Bus Networks: Planning for Growth in London
J Barry, Transport for London - London Buses, UK
The author is from the bus network development team at Transport for London, involved in planning and procurement. The paper deals with the process of planning a bus network designed for growth.
The London example offers a number of features of general interest. It is large in scale with 1.4 billion bus passenger boardings per annum. There is a network of 600 routes provided by 6000 buses. Private contractors supply most of the service, though the system differs from that in the remainder of Great Britain. Demand for bus travel is currently growing by 6% per annum. The bus network operates as an integral component of an overall public transport network, and many of the other modes are also operated by Transport for London. There is intense competition for the allocation of roadspace. Expanding the bus network is a policy with political support at the strategic level.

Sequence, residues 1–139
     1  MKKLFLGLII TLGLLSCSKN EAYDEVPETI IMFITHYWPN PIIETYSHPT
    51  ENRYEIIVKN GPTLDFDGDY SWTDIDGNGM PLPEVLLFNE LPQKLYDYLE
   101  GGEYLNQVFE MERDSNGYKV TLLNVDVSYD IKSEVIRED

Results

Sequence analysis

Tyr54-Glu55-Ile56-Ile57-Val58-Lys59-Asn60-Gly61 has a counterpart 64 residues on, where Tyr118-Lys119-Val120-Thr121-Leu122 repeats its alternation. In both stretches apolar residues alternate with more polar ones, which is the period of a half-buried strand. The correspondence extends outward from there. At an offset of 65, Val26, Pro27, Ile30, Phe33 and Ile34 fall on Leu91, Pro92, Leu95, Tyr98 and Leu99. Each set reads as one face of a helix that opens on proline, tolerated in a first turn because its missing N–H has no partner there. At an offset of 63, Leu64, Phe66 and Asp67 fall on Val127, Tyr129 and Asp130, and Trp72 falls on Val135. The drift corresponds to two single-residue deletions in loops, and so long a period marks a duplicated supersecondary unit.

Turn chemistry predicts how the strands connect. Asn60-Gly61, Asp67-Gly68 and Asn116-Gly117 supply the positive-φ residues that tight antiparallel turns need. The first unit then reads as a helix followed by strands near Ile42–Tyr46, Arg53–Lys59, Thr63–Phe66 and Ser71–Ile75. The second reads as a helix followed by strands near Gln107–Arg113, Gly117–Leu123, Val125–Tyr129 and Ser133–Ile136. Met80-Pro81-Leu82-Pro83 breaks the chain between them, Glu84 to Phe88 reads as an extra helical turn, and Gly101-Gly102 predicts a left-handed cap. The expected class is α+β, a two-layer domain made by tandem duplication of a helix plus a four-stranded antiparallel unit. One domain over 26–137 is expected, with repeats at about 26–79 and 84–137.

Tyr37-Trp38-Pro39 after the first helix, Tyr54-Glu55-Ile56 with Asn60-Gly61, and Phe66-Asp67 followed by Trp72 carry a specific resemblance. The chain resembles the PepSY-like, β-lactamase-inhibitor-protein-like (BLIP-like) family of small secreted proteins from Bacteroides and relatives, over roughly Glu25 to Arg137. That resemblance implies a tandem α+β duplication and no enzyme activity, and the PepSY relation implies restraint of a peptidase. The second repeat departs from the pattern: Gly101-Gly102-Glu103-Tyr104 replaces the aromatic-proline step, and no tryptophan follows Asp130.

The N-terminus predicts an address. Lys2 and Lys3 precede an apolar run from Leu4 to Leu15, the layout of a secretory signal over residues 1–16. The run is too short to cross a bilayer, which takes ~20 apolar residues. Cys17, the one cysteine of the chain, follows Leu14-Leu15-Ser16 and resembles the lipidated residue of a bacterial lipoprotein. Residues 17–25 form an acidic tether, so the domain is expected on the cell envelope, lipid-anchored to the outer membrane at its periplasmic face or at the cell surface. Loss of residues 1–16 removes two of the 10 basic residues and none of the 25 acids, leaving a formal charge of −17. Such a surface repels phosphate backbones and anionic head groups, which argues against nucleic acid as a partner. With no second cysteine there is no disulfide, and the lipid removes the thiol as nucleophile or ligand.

A series of steps in the bus service planning process is described:
* understanding the market - research, data collection and liaison;
* defining the product - a simple, frequent, reliable and comprehensive network;
* service design and allocating resources - appraisal of options; * procurement and maintenance of services - including quality incentives.
The market evolves over time and is subject to a variety of outside pressures. In practice the planning process is cyclical and, in complex networks, the steps may overlap. Therefore the techniques must be both rigorous and flexible. The application of these steps to the planning process in London is described, though the paper focuseson service design. The importance of simple, frequent, reliable networks has been recognised and the London system has been working towards this for some years, while aiming to remain comprehensive. Progress is reviewed. A simple benefit/cost process to help with an appropriate allocation of resources within the bus service budget is described. The routine application of this technique at the level of local bus networks is uncommon in the UK.
To date there has not been ready sharing of best practice between those associated with the planning oflarge-city bus networks. The general conclusion of this paper is that the system described has produced benefits for the planning process and these may be worth comparing with systems elsewhere.
Association for European Transport